* Bond covenant quality erodes in hot market conditions
* Almost 20% of deals issued in Q1 were high-yield lite
* High-yield returns still too attractive to turn down
By Mariana Santibanez
NEW YORK, May 29 (IFR) - Junk-bond investors are passing up traditional protections in their race to buy new debt, and some participants worry the diminished safeguards are a sign of an overheated market.
One of the most troubling developments has been the rise of high-yield lite bonds that give issuers wide berth but leave bondholders facing especially heavy losses in case of default.
Combined with yields hovering near record lows for the asset class, the eagerness with which investors are dispensing with typical safety nets could mean trouble ahead.
“A low-rate environment is eroding covenant quality, which recently reached an alltime low and is showing few signs of improving,” said Alexander Dill at Moody’s Investors Service.
“It shows investors are willing to give up protections in search of yield.”
Moody’s said that, on a three-month rolling basis, covenant weakness in bonds rated B1 and lower reached the highest in April since the rating agency began tracking it in 2011.
More than 19% of issuance in the first quarter of 2014 has been high-yield lite, which is almost triple the figure in the same period three years earlier, it said.
High-yield lite bonds do not have debt incurrence or restricted payments covenants. The debt incurrence covenants restrict a company’s ability to add more debt while restricted payments covenants limit what the issuer is allowed to do with cash or other assets generated.
Those structures give borrowers freedom to increase leverage or make acquisitions even if their businesses are struggling, which makes already risky structures riskier still.
Recent notable high-yield lite deals include April trades from natural gas giant Cheasapeake and debt-laden media company Clear Channel Communications.
Clear Channel refinanced 2016 maturities that many in the market had previously thought were headed for default - and did so with a 10% coupon high-yield lite deal.
“What we are seeing are capital structures getting pushed to the max, and terms becoming issuer-friendly,” said Richard Zogheb, co-head of capital markets origination for the Americas at Citi.
Overall, investors are embracing greater risk in exchange for relatively little yield.
Unlike the juicy double-digit coupons from Clear Channel, for example, returns on offer are close to record lows for the asset class.
The yield-to-worst on the Barclays high-yield index dropped to 5.03% on May 28, within spitting distance of the record low 4.95% marked on May 9, 2013.
Predictably, the combination of low-cost funding and reduced protection for bondholders has brought junk-bond borrowers to the market in droves - especially as the Fed was also trimming its asset-buying program.
Supply since the start of April is at nearly US$71.5bn, ahead of the US$67.9bn in the same period a year ago. Year-to-date volume, which was down some 20% from 2013 at the end of the first quarter, is now down just about 10%.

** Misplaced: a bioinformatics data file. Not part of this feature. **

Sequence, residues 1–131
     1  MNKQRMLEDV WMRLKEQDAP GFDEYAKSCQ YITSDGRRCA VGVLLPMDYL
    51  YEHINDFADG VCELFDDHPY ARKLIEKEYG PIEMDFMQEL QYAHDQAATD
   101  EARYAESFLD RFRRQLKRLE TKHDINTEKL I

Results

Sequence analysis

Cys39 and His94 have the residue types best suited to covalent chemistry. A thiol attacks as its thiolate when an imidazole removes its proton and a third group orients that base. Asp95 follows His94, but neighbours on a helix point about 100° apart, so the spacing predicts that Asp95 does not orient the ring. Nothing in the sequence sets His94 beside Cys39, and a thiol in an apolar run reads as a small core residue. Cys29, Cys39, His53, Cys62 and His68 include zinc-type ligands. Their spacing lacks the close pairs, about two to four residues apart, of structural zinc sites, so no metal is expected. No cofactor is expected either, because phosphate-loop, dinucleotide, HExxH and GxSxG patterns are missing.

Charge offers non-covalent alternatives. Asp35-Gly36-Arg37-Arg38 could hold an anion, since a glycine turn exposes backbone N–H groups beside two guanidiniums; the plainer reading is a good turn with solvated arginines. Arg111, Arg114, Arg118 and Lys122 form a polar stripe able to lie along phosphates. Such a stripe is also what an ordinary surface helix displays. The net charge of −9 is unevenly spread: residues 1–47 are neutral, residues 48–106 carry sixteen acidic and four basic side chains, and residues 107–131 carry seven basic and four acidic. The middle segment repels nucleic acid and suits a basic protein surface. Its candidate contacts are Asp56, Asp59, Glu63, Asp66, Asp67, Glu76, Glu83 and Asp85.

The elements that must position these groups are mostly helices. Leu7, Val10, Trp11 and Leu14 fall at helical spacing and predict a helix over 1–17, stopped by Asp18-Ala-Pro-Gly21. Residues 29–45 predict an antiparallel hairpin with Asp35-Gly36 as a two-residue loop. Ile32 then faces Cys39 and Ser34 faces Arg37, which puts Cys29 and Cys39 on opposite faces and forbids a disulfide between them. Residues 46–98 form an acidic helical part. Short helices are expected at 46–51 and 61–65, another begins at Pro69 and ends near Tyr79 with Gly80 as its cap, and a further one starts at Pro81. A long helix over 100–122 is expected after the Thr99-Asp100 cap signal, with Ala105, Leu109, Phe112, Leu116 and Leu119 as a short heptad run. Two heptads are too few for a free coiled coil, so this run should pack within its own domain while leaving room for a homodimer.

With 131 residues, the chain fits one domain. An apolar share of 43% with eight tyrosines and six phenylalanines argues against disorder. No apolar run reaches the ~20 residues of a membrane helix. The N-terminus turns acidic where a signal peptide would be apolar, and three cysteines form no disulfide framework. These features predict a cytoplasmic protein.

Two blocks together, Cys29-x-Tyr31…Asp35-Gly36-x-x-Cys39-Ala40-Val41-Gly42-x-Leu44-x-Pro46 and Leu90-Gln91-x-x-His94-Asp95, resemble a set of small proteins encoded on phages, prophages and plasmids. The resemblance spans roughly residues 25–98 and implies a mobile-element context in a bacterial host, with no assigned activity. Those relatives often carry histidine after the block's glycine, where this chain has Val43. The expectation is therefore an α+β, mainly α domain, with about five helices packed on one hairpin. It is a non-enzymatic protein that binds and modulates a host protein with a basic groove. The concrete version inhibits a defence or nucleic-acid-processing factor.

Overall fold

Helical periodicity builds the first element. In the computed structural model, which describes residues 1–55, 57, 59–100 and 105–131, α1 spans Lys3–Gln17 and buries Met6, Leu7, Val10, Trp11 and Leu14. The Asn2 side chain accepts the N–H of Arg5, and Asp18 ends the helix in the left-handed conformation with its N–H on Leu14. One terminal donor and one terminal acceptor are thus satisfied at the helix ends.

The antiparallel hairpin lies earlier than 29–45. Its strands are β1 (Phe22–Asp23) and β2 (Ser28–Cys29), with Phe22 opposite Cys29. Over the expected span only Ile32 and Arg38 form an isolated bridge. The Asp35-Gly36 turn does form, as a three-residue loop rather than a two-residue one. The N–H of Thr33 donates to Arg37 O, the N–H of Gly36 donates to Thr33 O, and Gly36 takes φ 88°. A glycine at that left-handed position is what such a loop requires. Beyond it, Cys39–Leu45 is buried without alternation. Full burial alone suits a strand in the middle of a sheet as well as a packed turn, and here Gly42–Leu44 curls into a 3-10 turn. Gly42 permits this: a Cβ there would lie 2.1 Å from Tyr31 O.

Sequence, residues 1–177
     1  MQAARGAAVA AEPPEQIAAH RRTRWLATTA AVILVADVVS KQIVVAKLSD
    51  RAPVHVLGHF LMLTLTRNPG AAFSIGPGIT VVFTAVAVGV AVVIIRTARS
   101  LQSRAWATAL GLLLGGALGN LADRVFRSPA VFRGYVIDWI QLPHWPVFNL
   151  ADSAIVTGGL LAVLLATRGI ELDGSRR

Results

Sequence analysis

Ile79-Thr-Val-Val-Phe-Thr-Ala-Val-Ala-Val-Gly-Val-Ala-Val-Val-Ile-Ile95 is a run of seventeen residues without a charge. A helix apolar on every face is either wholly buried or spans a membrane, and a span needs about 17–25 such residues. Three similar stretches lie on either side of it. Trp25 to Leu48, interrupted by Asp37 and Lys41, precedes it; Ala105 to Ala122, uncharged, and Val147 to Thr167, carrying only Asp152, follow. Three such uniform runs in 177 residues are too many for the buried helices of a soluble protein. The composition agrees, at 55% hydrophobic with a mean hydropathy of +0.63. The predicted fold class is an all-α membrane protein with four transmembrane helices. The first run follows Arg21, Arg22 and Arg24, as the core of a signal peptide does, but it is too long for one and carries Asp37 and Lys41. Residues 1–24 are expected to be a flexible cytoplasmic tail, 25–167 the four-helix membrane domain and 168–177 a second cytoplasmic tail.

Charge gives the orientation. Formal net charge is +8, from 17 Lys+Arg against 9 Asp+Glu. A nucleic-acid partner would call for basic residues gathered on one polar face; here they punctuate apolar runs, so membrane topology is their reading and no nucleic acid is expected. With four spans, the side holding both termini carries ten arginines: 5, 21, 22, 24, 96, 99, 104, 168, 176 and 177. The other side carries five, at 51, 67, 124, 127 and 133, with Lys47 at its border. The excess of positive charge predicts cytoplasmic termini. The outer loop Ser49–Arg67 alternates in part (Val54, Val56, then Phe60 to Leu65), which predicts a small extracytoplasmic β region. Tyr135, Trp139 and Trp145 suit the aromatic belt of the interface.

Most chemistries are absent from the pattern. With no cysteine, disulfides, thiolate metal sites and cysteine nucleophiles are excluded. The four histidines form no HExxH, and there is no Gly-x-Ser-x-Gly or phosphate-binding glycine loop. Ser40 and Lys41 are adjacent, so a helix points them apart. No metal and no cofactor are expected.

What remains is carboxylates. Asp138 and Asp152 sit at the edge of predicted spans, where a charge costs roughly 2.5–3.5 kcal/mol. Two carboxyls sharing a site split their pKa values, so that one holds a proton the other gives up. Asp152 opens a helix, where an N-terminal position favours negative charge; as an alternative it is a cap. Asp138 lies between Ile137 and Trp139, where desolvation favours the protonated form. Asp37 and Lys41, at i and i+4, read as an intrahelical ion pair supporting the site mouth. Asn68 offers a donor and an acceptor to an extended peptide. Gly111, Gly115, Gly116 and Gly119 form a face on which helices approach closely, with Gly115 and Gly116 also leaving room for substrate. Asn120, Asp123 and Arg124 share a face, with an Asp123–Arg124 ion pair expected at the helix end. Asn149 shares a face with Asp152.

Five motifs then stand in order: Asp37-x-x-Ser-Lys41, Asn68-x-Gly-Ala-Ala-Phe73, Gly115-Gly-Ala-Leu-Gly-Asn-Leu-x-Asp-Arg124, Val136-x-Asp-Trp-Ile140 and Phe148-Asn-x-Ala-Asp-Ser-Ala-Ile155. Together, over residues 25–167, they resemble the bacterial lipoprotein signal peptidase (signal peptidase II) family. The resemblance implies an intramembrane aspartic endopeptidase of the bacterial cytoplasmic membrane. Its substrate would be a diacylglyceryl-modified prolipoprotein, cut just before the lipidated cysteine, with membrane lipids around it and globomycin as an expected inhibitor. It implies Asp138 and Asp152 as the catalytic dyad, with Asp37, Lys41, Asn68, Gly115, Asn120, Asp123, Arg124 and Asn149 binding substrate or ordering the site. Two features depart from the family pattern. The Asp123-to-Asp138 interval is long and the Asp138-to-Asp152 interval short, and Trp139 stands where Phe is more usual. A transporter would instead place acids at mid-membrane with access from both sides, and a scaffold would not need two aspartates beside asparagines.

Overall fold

“As the Fed scaled back its bond purchases, issuers began to get more nervous that the market would turn negative,” said Zogheb. “So they have been accelerating their deals.”
Yet the diminished yields do not seem to be a problem for investors.
According to data from Bank of America Merrill Lynch, high-yield has returned around 4.38% this year, which is ahead of the equity markets which returned 3.88% year-to-date.
“Volatility is low, defaults are low and growth is steady,” said Stephen Kotsen, a high-yield portfolio manager at Nomura Corporate Research and Asset Management.
And many market participants insist the market is not back to the boom and bust days of the leveraged buyout boom.
“You are not seeing challenged credits come to market like we saw in 2006/2007,” Zogheb said.
Indeed, despite the erosion of investor protections, defaults do not seem to be on the rise - in part because investors have been willing to help issuers like Clear Channel push out maturities.
The US high yield par default rate was 13.7% in 2009 and 2.8% on a trailing twelve month basis through April 2014, according to Fitch Ratings.
Even so, Fitch has warned that the level of riskier debt in the market is significant.
It said US$403bn in notes rated B minus or lower are currently outstanding - way up from US$354bn at the end of 2009 and the even lower US$329bn at the close of 2011.
And leverage is on the rise too - another warning sign.
Aircraft component maker TransDigm, for example, last week managed to attract more than US$8bn in demand for a new deal to partly finance a dividend. Though it had covenants, the deal took leverage up to 7.4 times - well past the 6.0x level regulators have warned underwriters not to surpass.
“When companies could only get 5.5x leverage a year or so ago, some can now get a low 7x,” Zogheb said. (Reporting by Mariana Santibanez; Editing by Natalie Harrison and Marc Carnegie)